Grand Lodge of Rhode Island 35 Year Service Medal with Four
- Five year Increment Bars - 55 Years Total
Every Picture Tells a Story...
...and so do a good many fraternal pieces.
John W. Dawson joined Nestell Lodge # 37, A.F. and A.M., in Providence R.I. on March 22, 1906. The new Entered Apprentice was probably about the same age as the lodge which had been founded in 1880. The Lincoln penny was still three years in the future and the nickel had a large letter "V" on the back of it. The dollar bill was half again as large as it is now and most people didnt earn a lot of them--the average wage was around a quarter an hour.
The first of the new automobiles were just starting to clatter through town, frightening the horses. Boxy and open, they did not look all that different from some of the assorted horse drawn contrivances and merited the name horseless carriage. The ring of the telephone had yet to become a common occurrence and the street lighting--if any--was gas. Teddy Roosevelt, the hero of the Spanish American War (1898), was President.
By 1941, the world was in its second great war--and the third which Dawson had witnessed. The thirty-five year jewel given him by his lodge featured a hanger inscribed with the town and lodge and a half dollar size crested pendant with his years service and the lodge founding date. Teddys cousin Franklin was President. When he added the forty year bar in 1946, Hiroshima and peace were only a few months away. Harry Truman had just assumed the Presidency after the death of Roosevelt in his fourth term. Dawson was in his mid-sixties.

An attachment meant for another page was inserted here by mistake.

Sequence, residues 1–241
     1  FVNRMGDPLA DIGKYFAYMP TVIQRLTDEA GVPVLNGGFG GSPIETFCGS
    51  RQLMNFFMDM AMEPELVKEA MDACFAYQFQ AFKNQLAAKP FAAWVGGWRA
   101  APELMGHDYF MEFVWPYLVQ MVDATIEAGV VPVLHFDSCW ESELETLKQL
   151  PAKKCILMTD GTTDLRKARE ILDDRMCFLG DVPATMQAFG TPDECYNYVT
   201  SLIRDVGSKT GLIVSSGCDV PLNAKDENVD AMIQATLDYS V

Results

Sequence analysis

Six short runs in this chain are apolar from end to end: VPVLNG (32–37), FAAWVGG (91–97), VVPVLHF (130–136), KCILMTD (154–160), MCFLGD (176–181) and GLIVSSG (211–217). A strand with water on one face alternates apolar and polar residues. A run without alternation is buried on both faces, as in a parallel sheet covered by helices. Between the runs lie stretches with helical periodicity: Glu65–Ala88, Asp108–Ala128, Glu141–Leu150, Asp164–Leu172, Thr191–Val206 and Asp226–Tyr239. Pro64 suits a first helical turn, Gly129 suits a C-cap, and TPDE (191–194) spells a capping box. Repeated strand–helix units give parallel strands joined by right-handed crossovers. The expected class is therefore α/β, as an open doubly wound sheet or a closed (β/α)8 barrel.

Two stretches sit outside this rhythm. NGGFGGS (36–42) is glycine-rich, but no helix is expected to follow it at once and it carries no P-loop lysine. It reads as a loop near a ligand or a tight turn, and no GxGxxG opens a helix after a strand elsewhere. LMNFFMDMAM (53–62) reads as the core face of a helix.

In 1951, when he got his forty-five year bar, Truman had been elected on his own--in spite of what the papers said--and was in his last year in office. The country had definitely come to like Ike. The Nation was engaged in a "Police Action" in an unimportant country called Korea. When it finally came to its inconclusive end, the Cold War began. Along with it would come the McCarthy Witch Hunt.
Dawson celebrated his golden anniversary in 1956. Stalin had died--conveniently, some said--and a Ukrainian peasant named Nikita Khruschev had made his way to the top of the Communist Party. In a year, he would announce Sputnik to the world.
He got his fifty-five year bar--his last--in 1961. A young Democrat named Kennedy had brought the Eisenhower years to a close and the country struggled to put a man in space. Unknown to most of the country, Kennedy, like Eisenhower before him, was secretly sending military "advisers" to an obscure Asian country known as French Indo China. It would soon be known to all as Vietnam. Dawson was in his eighties.
Dawson was witness to four wars and the Great Depression. He lived through the administrations of two of the greatest Presidents this country has ever had--both named Roosevelt--and perhaps the most popular named Truman. His life spanned an era beginning with horses and buggies and ending with the space age.
Quite a story. Quite a life!
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